Each passing day brought with it the growing risk that others might beat us to the punch and begin classifying our product for us. Our success in meeting the needs of professionals led to enthusiastic acceptance of our solution, which then led to competition. We were now approaching 25 employees, but still had yet to nail down where ACT! fit (even with the help of the aforementioned PR firm). Given this emerging competition, and the journalistic inclination to group all of us, Pat and I once again reached out for marketing expertise. We didn’t mind the developing competitive terrain, but we were concerned that if we, as the market creator and leader, didn’t identify the category, someone else would.
Prominent in that era were two premier marketing experts, Jack Trout and Al Ries, who were also well-published authors of such books as Positioning, Bottom Up Marketing, Marketing Warfare, and others.
We enlisted their marketing expertise to see if they could help us, and if so, if we could afford them. We couldn’t really, but they gave us a gut-wrenching price that we could swallow if we swallowed hard. And swallow hard we did. Trout and Ries were well aware of ACT!, and they were intrigued by the challenge, which would only further their already well-established credentials. As it would turn out, they would enjoy the association with as much as we would with them.
At Last: Defining the Seemingly Undefinable
Trout and Ries requested everything we had in the way of information and marketing materials to prepare for our scheduled visit to their New York City office. Nine of the top executives of Conductor Software made the trip, reasoning that the more heads we put together, the better. Trout and Ries wanted each of us to describe the various ways we saw ACT! and how we and our customers used it.
One of the most unusual exercises I’ve ever participated in occurred in that first hour. Trout and Ries asked all nine of us to describe ACT! in four or fewer words. This was a huge departure from our typical meetings in which we took turns delivering long soliloquies about defining ourselves – all while disregarding everyone else in the room. It was no surprise to us that in the meeting, we ALL exceeded the four-word limit.
Each of us said very different things, which revealed that none of us were singing from the same hymnal, so to speak. And therein laid the problem.
While Trout led the exercise, Ries went silently to the flipboard and started writing. So as we were successively going around the room trying to answer the question, we were also watching what Al Ries was writing: the major categories, in two-word combinations. It was like watching a piece of clay pottery taking shape. We knew something was coming; we just didn’t know what. So, we all sat at the table watching him write down…
Presto! Each and every one of us in the room “got it!” In retrospect, it seems to have evolved so naturally.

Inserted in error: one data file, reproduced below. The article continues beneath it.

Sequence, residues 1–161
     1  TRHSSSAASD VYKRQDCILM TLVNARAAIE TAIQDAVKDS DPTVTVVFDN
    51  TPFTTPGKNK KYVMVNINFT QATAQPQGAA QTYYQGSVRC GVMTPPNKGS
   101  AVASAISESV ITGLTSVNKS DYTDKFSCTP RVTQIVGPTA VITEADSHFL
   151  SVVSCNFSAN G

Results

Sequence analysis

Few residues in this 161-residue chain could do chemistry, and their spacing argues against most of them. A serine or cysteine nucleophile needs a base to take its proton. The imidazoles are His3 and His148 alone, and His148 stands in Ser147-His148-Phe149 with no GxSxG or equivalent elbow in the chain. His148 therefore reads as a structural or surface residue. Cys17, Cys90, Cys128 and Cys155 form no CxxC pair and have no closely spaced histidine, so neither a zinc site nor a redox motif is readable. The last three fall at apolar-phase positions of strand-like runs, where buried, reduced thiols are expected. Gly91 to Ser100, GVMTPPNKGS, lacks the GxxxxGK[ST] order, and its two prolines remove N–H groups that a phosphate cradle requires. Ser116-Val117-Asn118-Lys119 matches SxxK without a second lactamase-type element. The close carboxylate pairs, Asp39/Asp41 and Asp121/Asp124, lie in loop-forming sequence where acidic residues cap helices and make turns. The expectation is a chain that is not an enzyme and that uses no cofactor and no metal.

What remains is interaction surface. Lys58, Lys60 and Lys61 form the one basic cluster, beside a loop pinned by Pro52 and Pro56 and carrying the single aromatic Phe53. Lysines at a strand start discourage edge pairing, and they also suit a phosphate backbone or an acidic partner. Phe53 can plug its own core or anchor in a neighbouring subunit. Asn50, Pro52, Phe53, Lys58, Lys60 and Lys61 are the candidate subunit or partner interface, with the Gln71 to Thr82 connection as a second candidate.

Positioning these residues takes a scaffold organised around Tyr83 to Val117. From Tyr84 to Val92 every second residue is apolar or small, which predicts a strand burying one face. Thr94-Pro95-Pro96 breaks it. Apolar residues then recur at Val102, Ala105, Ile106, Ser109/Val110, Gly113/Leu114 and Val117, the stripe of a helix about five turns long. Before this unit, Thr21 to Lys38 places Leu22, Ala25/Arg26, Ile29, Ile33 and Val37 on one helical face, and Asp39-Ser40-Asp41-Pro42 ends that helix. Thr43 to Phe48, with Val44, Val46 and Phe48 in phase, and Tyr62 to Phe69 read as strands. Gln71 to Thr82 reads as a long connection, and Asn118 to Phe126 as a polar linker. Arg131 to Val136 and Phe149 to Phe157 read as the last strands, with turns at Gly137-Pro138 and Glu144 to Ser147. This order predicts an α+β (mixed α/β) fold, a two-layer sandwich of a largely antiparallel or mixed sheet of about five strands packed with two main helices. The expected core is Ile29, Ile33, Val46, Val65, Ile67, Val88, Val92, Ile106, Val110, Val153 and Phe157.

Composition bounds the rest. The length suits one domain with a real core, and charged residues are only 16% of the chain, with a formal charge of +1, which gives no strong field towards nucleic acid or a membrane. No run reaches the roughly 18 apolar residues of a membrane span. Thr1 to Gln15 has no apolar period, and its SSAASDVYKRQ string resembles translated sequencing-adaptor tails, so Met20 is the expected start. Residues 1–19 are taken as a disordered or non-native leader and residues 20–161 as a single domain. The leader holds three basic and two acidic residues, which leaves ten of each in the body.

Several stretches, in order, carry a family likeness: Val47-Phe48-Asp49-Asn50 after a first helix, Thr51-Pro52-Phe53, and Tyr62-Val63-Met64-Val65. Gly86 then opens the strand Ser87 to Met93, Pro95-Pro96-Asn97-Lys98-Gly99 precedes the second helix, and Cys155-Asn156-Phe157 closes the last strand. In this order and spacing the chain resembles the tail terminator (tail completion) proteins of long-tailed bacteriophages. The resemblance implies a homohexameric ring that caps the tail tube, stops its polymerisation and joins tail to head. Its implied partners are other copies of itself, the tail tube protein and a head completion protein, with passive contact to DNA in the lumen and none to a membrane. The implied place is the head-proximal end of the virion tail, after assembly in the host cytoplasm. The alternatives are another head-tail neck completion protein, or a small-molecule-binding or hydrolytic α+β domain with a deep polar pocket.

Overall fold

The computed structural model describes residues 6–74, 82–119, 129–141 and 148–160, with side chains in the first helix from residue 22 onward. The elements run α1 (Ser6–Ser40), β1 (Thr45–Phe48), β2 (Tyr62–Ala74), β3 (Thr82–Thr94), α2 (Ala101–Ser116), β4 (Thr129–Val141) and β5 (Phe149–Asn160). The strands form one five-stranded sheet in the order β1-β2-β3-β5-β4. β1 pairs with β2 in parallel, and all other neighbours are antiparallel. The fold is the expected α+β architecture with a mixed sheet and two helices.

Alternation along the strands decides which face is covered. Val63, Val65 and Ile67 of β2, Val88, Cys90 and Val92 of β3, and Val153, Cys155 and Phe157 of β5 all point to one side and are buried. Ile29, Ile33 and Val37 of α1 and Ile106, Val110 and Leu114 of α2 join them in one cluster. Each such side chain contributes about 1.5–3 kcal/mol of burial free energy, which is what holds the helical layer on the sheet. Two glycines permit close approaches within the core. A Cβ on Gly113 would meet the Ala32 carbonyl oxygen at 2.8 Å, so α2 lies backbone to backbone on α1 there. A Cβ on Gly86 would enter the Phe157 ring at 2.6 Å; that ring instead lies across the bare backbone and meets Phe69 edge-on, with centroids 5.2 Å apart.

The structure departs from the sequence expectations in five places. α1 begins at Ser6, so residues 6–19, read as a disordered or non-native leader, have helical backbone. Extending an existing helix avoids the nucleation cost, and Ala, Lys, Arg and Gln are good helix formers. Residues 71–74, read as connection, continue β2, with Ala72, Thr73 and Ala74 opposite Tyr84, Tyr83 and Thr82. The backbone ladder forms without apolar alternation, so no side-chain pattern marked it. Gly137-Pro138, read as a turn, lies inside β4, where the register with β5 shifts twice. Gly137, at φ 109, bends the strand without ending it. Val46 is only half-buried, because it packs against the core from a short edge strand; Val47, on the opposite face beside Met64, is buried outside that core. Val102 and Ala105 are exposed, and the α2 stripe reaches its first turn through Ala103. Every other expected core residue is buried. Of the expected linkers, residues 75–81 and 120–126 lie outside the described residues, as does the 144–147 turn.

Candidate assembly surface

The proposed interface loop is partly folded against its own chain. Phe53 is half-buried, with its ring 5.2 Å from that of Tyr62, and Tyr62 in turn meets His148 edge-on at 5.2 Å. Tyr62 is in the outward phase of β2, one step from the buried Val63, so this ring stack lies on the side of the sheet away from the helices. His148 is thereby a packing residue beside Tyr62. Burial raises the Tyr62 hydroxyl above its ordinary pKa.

We made it too complicated, and in that effort, were blind to the realization that elegance comes from simplicity. It unshackled us from our own inability to define who we were and where we belonged.
To the best of my memory, this is what Jack Trout said to us about what he had just written:
“Every one of the major software categories has only two words—that’s all it takes to describe it. You guys have started something that is unique and can simply be described as contact software. And, the really cool thing about creating that as the category is that the word ‘ACT!’ happens to also be a syllable of the word ‘contact’ so every time any of your competitors have to say what category they belong to they are going to mention your name. It’s brilliant! I also suggest that you change the name of your company from Conductor Software to Contact Software and capitalize on this even further.”
And we did without hesitation. We entered their offices that morning as Conductor Software, but little did we know that we would leave their office not only defining a new category, but we left with a new company name as well.
Twenty-three years later, the category known as contact management, and its progeny customer relationship management (CRM), is a multi-billion dollar industry. The category of contact management has undergone several shifts and iterations, most recently following the trends of social networking. However, the core principles of relationship management remain as valid today as they were when we first sought to fill the need. Compounded with changes brought by new technology, the challenge to adhere to the core values becomes increasingly evident. More relationships to manage, on more devices, and more platforms.
So, what’s next? Stay tuned for the final article, where I’ll discuss the future of relationship management…the good, the bad, and the ugly.
Thumbnail created by Kerrie Longo.